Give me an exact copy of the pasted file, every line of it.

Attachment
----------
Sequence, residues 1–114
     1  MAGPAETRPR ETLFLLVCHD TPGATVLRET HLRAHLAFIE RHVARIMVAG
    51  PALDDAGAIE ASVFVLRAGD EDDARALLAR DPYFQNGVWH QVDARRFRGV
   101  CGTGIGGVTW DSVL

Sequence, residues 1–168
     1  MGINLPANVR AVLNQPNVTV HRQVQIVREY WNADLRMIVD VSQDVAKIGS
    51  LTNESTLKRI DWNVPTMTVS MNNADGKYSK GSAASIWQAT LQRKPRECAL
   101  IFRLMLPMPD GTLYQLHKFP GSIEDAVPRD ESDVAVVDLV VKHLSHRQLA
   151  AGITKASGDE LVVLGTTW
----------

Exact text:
Sequence, residues 1–114
     1  MAGPAETRPR ETLFLLVCHD TPGATVLRET HLRAHLAFIE RHVARIMVAG
    51  PALDDAGAIE ASVFVLRAGD EDDARALLAR DPYFQNGVWH QVDARRFRGV
   101  CGTGIGGVTW DSVL

Sequence, residues 1–168
     1  MGINLPANVR AVLNQPNVTV HRQVQIVREY WNADLRMIVD VSQDVAKIGS
    51  LTNESTLKRI DWNVPTMTVS MNNADGKYSK GSAASIWQAT LQRKPRECAL
   101  IFRLMLPMPD GTLYQLHKFP GSIEDAVPRD ESDVAVVDLV VKHLSHRQLA
   151  AGITKASGDE LVVLGTTW